Obama Panel: NSA Phone Record Surveillance Should Be Limited
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After recently revelations about the National Security Agency, the Obama administration came up with a soundbite: Just because we can gather information, the White House said, doesn't always mean we should. That did not answer whether the U.S. would continue gathering telephone data on Americans or spying on foreign leaders. Now a presidential panel says, in most cases, the NSA shouldn't. The panel called for greater surveillance of those doing surveillance, and said the NSA can be just as effective while respecting civil liberties.
NPR's Larry Abramson reports.
LARRY ABRAMSON, BYLINE: The review group did not mince words when it comes to the program that lets the National Security Agency collect nearly all U.S. phone records.
RICHARD CLARKE: We recommend it be terminated.
ABRAMSON: Panel member Richard Clarke has served has served in Republican and Democratic administrations.
CLARKE: We think there's no reason for the government to retain massive data files of telephone records. And we don't like the idea that the government can access those files without a court review.
ABRAMSON: Instead, the report says if the phone companies already store these records, the government should be allowed to search them, but only with a court order. The National Security Agency has said it is open to letting the companies keep the data. But it also says current technology would not permit rapid NSA access to that information. But the group says it doesn't buy that.
The review panel also took a dim view of another program revealed by leaked documents, the fact that the NSA has monitored the phone calls of foreign leaders, including allies like German Chancellor Angela Merkel. Clarke says the group's conclusion was that, in general, the U.S. should not bug the phones of friends.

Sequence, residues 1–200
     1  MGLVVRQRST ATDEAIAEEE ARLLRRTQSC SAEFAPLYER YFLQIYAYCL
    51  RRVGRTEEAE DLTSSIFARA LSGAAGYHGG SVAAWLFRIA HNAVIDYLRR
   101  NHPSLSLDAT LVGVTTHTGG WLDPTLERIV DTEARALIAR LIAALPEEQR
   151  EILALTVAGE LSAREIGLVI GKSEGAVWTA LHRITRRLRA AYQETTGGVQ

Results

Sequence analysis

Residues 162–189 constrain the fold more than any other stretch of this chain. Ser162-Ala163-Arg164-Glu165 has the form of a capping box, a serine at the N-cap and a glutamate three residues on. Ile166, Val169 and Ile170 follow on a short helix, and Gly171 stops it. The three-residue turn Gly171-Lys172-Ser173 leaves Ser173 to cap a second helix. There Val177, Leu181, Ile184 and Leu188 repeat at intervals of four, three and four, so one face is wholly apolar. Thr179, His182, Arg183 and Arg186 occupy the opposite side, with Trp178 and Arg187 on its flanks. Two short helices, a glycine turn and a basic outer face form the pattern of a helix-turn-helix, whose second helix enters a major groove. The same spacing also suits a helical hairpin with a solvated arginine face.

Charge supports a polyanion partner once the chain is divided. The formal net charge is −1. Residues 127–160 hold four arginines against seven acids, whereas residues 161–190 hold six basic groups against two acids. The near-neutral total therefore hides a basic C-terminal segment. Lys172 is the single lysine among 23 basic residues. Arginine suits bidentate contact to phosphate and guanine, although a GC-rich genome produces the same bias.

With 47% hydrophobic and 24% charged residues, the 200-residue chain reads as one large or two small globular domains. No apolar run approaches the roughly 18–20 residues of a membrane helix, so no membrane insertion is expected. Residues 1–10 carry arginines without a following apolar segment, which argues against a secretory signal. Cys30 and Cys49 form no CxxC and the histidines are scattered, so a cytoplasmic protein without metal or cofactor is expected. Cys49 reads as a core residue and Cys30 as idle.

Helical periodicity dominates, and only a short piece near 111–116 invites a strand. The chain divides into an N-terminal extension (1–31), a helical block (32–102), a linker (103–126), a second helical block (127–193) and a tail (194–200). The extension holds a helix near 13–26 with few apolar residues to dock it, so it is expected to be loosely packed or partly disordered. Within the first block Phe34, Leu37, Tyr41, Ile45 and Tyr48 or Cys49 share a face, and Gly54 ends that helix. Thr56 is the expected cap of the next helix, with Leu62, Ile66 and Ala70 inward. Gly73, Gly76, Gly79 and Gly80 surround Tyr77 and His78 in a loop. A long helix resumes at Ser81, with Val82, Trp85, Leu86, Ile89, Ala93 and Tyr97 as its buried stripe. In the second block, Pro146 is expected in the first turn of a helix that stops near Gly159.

CLARKE: We think it should be done rarely. It should be approved at a very high level, after everyone who has an interest inside the government has had a chance to weigh in, and that there should be criteria for when you do this and when you don't.
ABRAMSON: But the report stressed that sometimes the NSA might have a legitimate need to eavesdrop on allies. The panel was also careful to say it was not questioning the NSA's basic mission. Panel member Peter Swire, a well-known privacy advocate, says there's no reason why respect for privacy should interfere with that mission.
PETER SWIRE: We have a consensus that the NSA can and should continue to do very successful foreign intelligence to protect America.
ABRAMSON: But if the panel has its way, the NSA and other agencies would have to radically change how they operate. The panel took a swipe at National Security Letters, which the FBI uses to demand personal information about Americans without court oversight.
Greg Nojeim is with the Center for Democracy and Technology.
GREG NOJEIM: The review group says National Security Letters should only be issued when a court has approved the issuance of a letter. And that, in fact, ends the letter program and replaces it with court orders.
ABRAMSON: For privacy advocates like Nojeim, the report is a big win on many counts. The panel says the NSA should not undermine encryption standards, as Snowden leaks indicate it may have done. That revelation has caused outrage among security companies, who say the NSA has hurt U.S. businesses, because they face suspicion abroad that their products are not reliable.
The panel also took aim at the NSA's own security standards, saying the agency should be using technologies that would have immediately tripped alarms when Snowden started copying sensitive information.
White House spokesman Jay Carney says the president continues to believe that the NSA programs in question are key to national security.
JAY CARNEY: But he does believe that we can take steps to refine our practices and make sure that we are gathering intelligence in a way that serves our security needs in a focused way, and not just because we can, because we have the capacity to do so.
ABRAMSON: Before the report came out, the White House had already rejected one key panel recommendation about having a civilian head the NSA. The future of all 46 recommendations will depend heavily on Congress, which would have to pass legislation to enact many of the proposals.
Larry Abramson, NPR News, Washington. Transcript provided by NPR, Copyright NPR.